A couple other random facts worth noting: the Catholic Church in the U.S. has one other coadjutor at present, Coadjutor Archbishop Dennis Schnurr of Cincinnati (formerly bishop of Duluth), who has the right of succession when Archbishop Daniel Pilarczyk retires. Also, prior to the 1983 Code of Canon Law, Rome could distinguish between a coadjutor who had the right of succession and one who did not. This distinction does not exist in the current code, as canon 403, paragraph 3 plainly states, "... a coadjutor bishop does possess the right of succession."

Wednesday, May 6, 2009

In advance, a likely no comment

The retirement of Supreme Court Justice David H. Souter has prompted a lot of comments. Some have commented that the nominee to fill the high court vacancy should be dedicated to interpreting the Constitution rather than "legislating from the bench." President Obama commented that he wants a justice with "empathy."

And when the White House announces its pick in the coming days or weeks, a face and a personal and professional background will enter this discussion, eliciting even more comments.

In the midst of all this, it might be worth noting in advance that the U.S. bishops, as a body, will likely be making "no comment" on the nominee. This isn't because the matter is somehow unimportant, or that there won't be something of note to say about Obama's pick for the court. It's simply that the bishops don't make a habit on commenting on individual nominees, whether for the Supreme Court, cabinet posts or otherwise.

In spite of this trend, it wouldn't be fair to say we somehow have a shortage of official statements from the U.S. bishops or the Catholic Church at the national level. From specific policy decisions by the Obama Administration on matters of human life and dignity to specific legislation before Congress, from the 2009 H1N1 virus to the 2010 census, the U.S. bishops speak out consistently on matters facing the Catholic Church and the world today.

But then what makes nominees for the cabinet, judiciary, etc. so different? Apart from the admonition of Jesus to judge not lest we be judged, the best answer to this question probably resides with Justice Souter himself. His evolution from safe conservative nominee to reliably liberal justice is Supreme Court folklore. It doesn't take much to envision the nightmare of the U.S. bishops being on record saying, "this nominee's grrrrreat," only to have the new justice turn around and rule with the majority in, for instance, a case striking down abortion restrictions in all 50 states.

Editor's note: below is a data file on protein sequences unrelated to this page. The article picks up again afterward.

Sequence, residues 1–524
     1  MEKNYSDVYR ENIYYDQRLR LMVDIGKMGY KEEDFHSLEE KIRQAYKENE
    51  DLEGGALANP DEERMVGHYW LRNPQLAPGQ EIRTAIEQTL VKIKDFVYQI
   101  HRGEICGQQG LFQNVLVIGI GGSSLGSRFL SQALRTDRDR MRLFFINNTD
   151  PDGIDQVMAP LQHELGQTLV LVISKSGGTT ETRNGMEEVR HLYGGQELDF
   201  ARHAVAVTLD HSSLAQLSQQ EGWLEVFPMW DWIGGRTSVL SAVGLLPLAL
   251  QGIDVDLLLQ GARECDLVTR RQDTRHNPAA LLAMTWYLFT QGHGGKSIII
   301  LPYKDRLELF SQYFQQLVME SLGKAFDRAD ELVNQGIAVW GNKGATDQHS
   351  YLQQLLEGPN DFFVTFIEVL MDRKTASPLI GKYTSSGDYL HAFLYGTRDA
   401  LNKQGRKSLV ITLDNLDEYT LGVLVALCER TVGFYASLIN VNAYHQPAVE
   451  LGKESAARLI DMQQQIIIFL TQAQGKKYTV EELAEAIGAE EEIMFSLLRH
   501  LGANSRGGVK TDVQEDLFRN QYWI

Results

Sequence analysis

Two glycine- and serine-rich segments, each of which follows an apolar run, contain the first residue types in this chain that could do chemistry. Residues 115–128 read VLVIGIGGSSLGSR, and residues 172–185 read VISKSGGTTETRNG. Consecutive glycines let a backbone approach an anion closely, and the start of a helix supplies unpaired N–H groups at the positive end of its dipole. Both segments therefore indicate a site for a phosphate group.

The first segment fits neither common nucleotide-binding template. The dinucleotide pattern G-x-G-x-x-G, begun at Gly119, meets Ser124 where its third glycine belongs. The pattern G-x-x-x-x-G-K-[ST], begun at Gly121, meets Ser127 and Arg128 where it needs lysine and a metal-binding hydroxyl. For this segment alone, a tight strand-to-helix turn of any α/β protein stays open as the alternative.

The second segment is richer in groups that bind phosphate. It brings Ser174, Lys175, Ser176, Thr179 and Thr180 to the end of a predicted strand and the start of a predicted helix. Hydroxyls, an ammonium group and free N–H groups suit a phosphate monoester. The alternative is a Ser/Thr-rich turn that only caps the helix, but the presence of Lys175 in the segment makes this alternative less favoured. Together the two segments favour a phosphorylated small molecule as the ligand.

A piece of legislation or an executive order is concrete and static and can be studied and approved or disapproved by anyone, including the U.S. bishops. A human being, made in the image of God and given free will, is full of surprises.

Tuesday, May 5, 2009

Looking Ahead to Israel

In the first of what will hopefully be a few pieces from our office regarding Pope Benedict XVI's May 8-15 trip to the Holy Land, Father James Massa, executive director of the USCCB's Ecumenical and Interreligious Affairs, offers a reflection on the significance of this visit on the Media Relations Web page.

As an expert on interreligious issues who did his dissertation on the writings and theology of Joseph Ratzinger (now Pope Benedict), Father Massa is uniquely equipped to offer insights on what promises to be a historic visit.

Happy Cinco de Mayo: Hope for Comprehensive Immigration Reform

There’s hope for Comprehensive Immigration Reform (CIR), says Kevin Appleby, immigration policy whiz at the United States Conference of Catholic Bishops’ office for Migration and Refugee Services. Notes Appleby:

President Obama got the ball rolling with a March meeting with the Congressional Hispanic Caucus (CHC) where lawmakers stressed the need for CIR this year. Soon after, President Obama spoke at a town hall meeting in California about the need for CIR. In April, the Administration formally announced their intention to pursue CIR and the President is expected to convene working groups of policymakers and advocates to begin discussing the content of the bill. Timing for CIR legislation still remains unclear, but the Senate held its first CIR hearing of 2009 on April 30.

At an April 29th press conference, President Obama again addressed immigration reform. He expressed his desire to work with Senator John McCain, saying McCain has "the right position" on reform. Noted the President: "We can't continue with a broken immigration system. It's not good for anybody. It's not good for American workers. It's dangerous for Mexican would-be workers who are trying to cross a dangerous border. It is -- it is putting a strain on border communities, who oftentimes have to deal with a host of undocumented workers. And it keeps those undocumented workers in the shadows, which means they can be exploited at the same time as they're depressing U.S. wages."

Mr. Obama said he wants to start movement on CIR this year and hopes to convene working groups with Congressional lawmakers to shape the bill. He also stressed the importance of taking administrative steps through the Department of Homeland Security (DHS) to improve border security and reform worksite enforcement so that Americans gain confidence in the enforcement of current law.